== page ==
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The Race for the White House is Underway! Here’s Our Latest “Political Pulse”

Fluent’s Political Pulse research series examines the issues at the forefront of the American public’s agenda, and which candidates are currently leading the pack in the campaign to win the White House. In this, our second edition, we asked over 2,000 American adults from across the country about their voting plans, which issues they deem most important, and which political candidates they are most likely to vote for in the upcoming primary and general presidential elections.

You’ll have to download the full report here for all of the findings, but here are some of the key takeaways:

  • Jeb Bush and Hillary Clinton lead the long list of presidential hopefuls. While we’ve seen many candidates throw their hat into the race early on, Hillary Clinton and Jeb Bush are best positioned to win their party’s nomination at this juncture. When asked which candidate they will support to win their party’s bid, 52.9% of Democratic voters selected Hillary Clinton, while 18.8% of Republican voters chose Jeb Bush. When comparing those two figures however, it is worth noting that the Republican field currently features nearly 3 times the number of candidates as the Democratic side, so the votes were more widely split in the Republican camp.
  • The Budget Deficit, Economy, and Healthcare are the top issues facing the nation. 14.4% of survey respondents said that the budget deficit and economy are the top issues facing the country, and healthcare was second at 10.1%. While both Republicans and Democrats agreed on the top issue, Republicans are slightly more concerned with 19.5% of them selecting the budget deficit and economy first, compared to 13.1% of Democrats. There is also some dissent between the two parties on several other issues. Republicans were more than twice as likely to select border security and immigration as a top concern (13.4% vs. 6.2% of Democrats), while Democrats were more concerned about gun control (11.5% vs. 7.3%).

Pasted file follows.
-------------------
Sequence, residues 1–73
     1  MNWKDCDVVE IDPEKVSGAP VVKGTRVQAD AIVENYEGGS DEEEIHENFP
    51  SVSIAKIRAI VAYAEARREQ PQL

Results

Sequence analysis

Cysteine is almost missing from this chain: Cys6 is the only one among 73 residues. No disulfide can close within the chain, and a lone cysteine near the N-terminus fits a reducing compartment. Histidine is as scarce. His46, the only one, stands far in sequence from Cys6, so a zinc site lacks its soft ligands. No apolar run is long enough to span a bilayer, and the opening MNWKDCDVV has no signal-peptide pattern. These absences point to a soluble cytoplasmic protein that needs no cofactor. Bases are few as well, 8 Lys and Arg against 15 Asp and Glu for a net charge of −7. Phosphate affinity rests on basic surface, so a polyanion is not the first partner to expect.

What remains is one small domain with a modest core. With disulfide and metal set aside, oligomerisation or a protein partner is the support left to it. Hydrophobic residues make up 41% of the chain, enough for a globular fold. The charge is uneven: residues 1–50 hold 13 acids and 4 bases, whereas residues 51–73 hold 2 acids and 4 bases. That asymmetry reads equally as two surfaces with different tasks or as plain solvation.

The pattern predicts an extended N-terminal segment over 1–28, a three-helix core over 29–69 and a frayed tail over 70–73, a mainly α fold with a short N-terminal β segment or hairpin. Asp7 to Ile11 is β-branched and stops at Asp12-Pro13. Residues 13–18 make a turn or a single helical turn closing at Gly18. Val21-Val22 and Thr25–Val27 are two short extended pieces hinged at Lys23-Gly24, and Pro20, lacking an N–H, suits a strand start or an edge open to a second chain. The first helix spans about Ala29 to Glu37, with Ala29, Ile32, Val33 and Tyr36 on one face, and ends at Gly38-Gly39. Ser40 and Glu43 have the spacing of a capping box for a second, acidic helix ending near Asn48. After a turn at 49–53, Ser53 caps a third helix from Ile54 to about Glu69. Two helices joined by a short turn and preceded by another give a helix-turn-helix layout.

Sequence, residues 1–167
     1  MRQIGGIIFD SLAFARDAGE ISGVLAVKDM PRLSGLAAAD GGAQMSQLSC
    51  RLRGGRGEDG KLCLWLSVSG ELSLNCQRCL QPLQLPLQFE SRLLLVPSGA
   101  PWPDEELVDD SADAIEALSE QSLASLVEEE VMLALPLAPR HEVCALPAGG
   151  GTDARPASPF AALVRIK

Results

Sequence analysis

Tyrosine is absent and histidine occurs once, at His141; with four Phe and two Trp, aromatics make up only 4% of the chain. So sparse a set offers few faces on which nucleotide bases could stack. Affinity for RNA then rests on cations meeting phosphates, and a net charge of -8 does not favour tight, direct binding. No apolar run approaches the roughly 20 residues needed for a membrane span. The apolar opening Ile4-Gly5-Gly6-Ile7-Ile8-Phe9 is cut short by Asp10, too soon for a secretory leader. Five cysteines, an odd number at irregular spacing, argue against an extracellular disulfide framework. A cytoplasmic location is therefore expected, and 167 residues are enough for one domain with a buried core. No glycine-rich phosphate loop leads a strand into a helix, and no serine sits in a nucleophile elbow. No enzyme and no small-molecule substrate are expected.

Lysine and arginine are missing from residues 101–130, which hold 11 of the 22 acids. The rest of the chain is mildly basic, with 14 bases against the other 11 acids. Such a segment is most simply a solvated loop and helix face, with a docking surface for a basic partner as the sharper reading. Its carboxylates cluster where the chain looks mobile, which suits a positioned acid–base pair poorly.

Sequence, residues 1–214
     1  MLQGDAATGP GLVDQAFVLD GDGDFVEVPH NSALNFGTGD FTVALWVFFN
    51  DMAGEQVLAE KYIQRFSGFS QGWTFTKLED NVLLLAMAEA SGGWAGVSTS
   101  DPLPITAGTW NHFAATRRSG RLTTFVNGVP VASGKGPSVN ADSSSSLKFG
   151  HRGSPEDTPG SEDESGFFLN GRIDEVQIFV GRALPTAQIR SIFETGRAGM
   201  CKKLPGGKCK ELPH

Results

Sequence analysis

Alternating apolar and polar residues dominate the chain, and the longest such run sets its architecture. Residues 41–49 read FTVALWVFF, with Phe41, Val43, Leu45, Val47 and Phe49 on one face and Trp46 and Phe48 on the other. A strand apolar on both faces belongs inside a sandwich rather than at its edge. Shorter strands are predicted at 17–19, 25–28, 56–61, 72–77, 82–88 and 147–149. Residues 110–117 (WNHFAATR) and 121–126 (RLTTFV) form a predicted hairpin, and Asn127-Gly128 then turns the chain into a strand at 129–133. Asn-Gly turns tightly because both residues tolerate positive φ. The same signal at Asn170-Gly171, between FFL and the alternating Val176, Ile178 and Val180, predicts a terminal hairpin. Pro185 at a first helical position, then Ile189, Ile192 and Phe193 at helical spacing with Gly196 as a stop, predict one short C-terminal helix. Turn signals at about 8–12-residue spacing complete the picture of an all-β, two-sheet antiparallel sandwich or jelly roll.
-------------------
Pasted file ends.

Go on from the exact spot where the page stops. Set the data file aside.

• The tides have turned and Democratic voters now appear more energized to vote than Republicans. 61.2% of Americans who identified as Democrats said that they plan to vote in the party’s primary election in 2016 vs. 55.1% of Republicans. In the 2016 general election, 60.9% of Democrats plan to vote vs. 56% of Republicans. This is substantially different from our March 2015 Political Pulse Report where just 49.8% of Democrats said that they planned to vote in the primary vs. 62.3% of Republicans, and only 51% of Democrats planned to vote in the general election compared to 60.2% of Republicans.

Download your free copy of Fluent’s Political Pulse – July 2015 report here for the complete findings of the study. For more consumer research and insights from Fluent, visit


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